Oh yeah I spent a very long time researching about controlling flip dot display, and certainly a lot of suggestions for using H-bridges. They seems like perfect solution, but I didn't find one that can control more than 2 pixels... Do you know of any that have like 16 outputs?

I should've posted it in the beginning, here's somewhat useful schematic of this display (it's missing some info, and that big reed switch acts as giant on/off switch for whole display. But I'm not really sure why).

raschemmel:
Really cool display though !

I love the old type displays and VFDs, NIXIE TUBES etc...

Thanks! I'm working on both Nixie clock and Flip Dot clocks right now. Driving me crazy, but it's a lot of fun :slight_smile:

Have you ever seen the miniature 5x7 dot matrix red alphanumeric displays ?

The reed switch may be for flashing .

Thanks for the info ... if my understanding (on the actual interconnections) is correct, then I think something like this could work. If you're creating a PCB with surface mount components, there are low cost transistor arrays equipped with resistors available.

500 mA, 50 V NPN/PNP double Resistor-Equipped Transistor
This low cost chip replaces the 4 resistors and 2 transistors for the ON control.

H-bridge is not required because there's a separate master (all) OFF control.

raschemmel:
Have you ever seen the miniature 5x7 dot matrix red alphanumeric displays ?

Haha, nope never seen those before :slight_smile: Pretty cool!

raschemmel:
The reed switch may be for flashing .

What do you mean for flashing?

dlloyd:
Thanks for the info ... if my understanding (on the actual interconnections) is correct, then I think something like this could work.

H-bridge is not required because there's a separate master (all) OFF control.

I'm still trying to understand this schematic, but I think it will only work for half of dots because common (5) is not reversible... (i.e. it needs to be connected to Ground or VCC)
I took another long look at my original schematic and realized it's complete garbage :frowning: Reset circuit connects all dots so that's a fail right there :slight_smile: So I'll just need to control each dot's ON/OFF state.
But I think I finally figured out a way to get this working.


It does resemble land H-Bridge a little :slight_smile:
So there are basically 3 control "cores". One controls polarity of COM1 bus. Second one controls polarity of COM2 bus. And finally 3rd "core" is individual transistor switch that connects each inductor to the COM1 bus.
Schematic shows one row of flip dots, so there will be 4 more. Looks like I'll need 35+2+2=39 NPN transistors or 5 darlington arrays. And I have some idea about multiplexing all 4 displays which should required just 4 more transistors... I hope I'm not way over my head with this one :slight_smile:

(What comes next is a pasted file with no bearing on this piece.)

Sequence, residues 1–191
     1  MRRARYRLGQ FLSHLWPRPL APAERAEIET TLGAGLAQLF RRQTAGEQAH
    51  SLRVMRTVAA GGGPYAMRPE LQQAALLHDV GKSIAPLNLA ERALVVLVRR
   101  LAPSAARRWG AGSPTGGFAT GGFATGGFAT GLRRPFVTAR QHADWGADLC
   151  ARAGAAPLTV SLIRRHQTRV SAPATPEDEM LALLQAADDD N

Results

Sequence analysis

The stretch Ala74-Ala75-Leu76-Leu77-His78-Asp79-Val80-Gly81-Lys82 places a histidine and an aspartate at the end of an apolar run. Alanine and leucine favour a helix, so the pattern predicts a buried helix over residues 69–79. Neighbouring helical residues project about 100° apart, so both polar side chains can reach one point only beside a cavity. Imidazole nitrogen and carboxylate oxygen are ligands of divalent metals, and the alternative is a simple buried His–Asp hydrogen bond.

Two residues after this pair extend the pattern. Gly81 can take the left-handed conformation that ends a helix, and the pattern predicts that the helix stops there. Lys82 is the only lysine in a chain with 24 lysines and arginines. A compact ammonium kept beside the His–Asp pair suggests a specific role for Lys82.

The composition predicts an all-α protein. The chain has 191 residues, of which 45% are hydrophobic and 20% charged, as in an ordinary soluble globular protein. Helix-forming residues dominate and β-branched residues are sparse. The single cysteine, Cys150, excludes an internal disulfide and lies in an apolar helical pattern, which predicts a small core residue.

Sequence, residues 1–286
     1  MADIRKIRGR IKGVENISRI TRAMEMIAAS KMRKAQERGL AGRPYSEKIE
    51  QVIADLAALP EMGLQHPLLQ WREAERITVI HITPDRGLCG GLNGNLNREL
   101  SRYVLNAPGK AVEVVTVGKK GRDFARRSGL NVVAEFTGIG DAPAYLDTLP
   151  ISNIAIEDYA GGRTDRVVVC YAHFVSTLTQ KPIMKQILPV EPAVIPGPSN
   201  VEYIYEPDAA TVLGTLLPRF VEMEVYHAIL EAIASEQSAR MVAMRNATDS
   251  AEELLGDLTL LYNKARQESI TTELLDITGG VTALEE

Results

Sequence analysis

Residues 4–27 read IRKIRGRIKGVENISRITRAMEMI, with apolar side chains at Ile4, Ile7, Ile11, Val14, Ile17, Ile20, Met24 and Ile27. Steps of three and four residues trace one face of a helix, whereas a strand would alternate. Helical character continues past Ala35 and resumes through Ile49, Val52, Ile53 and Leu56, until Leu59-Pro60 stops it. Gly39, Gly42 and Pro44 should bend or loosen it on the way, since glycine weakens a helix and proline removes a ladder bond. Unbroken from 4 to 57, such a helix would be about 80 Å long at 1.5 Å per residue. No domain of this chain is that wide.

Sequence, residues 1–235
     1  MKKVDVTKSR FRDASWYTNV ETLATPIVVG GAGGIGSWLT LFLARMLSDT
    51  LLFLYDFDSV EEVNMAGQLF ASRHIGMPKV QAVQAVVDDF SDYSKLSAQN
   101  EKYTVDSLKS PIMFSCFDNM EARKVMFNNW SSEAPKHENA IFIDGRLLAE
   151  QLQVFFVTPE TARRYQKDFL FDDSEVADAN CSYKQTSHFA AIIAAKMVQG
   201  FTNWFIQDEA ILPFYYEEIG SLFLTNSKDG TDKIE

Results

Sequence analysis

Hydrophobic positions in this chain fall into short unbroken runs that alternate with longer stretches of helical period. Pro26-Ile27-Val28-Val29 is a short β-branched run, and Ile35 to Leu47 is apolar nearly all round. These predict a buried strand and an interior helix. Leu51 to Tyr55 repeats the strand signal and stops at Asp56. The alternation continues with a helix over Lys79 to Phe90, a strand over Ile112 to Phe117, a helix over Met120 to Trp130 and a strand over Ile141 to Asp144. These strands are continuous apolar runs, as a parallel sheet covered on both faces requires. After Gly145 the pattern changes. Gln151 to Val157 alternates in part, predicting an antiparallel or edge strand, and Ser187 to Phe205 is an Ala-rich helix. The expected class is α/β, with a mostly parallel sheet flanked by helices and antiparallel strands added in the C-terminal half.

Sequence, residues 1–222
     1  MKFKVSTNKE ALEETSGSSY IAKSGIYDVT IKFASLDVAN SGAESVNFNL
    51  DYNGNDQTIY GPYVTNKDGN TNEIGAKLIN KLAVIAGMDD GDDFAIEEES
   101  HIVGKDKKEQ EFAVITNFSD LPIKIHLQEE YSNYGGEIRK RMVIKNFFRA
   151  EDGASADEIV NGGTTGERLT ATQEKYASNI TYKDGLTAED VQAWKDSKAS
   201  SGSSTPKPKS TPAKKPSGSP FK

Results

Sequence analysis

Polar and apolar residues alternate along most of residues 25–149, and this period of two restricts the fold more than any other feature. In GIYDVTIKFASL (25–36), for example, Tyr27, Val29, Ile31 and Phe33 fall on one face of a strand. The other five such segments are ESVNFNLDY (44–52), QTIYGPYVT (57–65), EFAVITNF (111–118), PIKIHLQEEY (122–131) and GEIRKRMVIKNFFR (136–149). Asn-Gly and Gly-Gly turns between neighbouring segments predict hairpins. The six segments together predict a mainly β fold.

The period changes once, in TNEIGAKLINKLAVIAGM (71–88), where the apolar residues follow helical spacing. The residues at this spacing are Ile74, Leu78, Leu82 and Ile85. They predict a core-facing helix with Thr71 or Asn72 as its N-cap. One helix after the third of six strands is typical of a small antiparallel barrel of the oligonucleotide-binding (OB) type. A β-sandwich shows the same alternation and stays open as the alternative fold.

EDIT: Just realized that it (3rd "core") will only work in one direction because transistors only let current pass one way... Back to drawing board ....

What do you mean for flashing?

Flashing the display on and off rapidly is less software when you have a single Enable signal. This is a convenience. Without it, how would you make the display flash on and off ? Would that not be more code if you didn't have that enable (or DISABLE) signal ?

raschemmel:
Flashing the display on and off rapidly is less software when you have a single Enable signal. This is a convenience. Without it, how would you make the display flash on and off ? Would that not be more code if you didn't have that enable (or DISABLE) signal ?

I don't think this is applicable to flip-dot displays. Power pulse only required to flip pixel. It stays forever in last position when power is turned off. It's somewhat similar to e-Ink displays.

Before you guys start laughing at my poor understanding of Transistors, I re-did my schematic again :slight_smile:
I realized that the way display is wired right now (one pin of each inductor tied together in one bus) is not ideal for me to drive as is. Being more familiar with LED arrays, I will rewire flip dot display (I might have to cut some traces) in similar matrix with rows and columns. This way I only need to control 5+7=12 IOs. With 2 transistors each, that's 24 transistors total, or 4 darlingon arrays.


I think I might get away with 6 H-bridges as well as alternative...